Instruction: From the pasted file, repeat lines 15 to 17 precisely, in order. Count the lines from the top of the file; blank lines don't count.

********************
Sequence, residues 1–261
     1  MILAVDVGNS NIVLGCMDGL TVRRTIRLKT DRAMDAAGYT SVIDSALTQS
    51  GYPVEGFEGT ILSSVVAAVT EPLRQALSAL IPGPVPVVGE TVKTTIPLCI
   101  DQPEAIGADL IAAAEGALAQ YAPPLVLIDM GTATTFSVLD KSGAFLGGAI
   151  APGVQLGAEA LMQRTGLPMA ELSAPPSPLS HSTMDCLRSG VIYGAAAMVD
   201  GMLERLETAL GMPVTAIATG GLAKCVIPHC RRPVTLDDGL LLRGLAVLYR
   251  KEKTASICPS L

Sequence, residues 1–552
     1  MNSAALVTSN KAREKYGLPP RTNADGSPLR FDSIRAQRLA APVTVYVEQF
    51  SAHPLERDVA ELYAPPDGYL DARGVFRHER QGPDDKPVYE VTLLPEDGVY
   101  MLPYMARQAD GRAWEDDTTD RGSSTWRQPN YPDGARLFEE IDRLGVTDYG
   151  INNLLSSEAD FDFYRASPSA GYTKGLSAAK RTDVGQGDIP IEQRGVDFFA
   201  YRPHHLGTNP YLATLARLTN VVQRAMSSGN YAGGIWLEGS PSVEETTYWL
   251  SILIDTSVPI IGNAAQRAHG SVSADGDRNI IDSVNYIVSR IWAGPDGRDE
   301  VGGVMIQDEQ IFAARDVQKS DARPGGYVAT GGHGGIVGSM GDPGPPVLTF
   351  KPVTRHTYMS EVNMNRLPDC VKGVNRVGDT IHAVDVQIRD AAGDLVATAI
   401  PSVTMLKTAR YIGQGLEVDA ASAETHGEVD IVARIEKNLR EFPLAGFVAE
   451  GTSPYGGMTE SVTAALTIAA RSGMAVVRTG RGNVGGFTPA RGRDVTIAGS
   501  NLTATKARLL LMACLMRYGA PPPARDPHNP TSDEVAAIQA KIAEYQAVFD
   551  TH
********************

   301  VGGVMIQDEQ IFAARDVQKS DARPGGYVAT GGHGGIVGSM GDPGPPVLTF
   351  KPVTRHTYMS EVNMNRLPDC VKGVNRVGDT IHAVDVQIRD AAGDLVATAI
   401  PSVTMLKTAR YIGQGLEVDA ASAETHGEVD IVARIEKNLR EFPLAGFVAE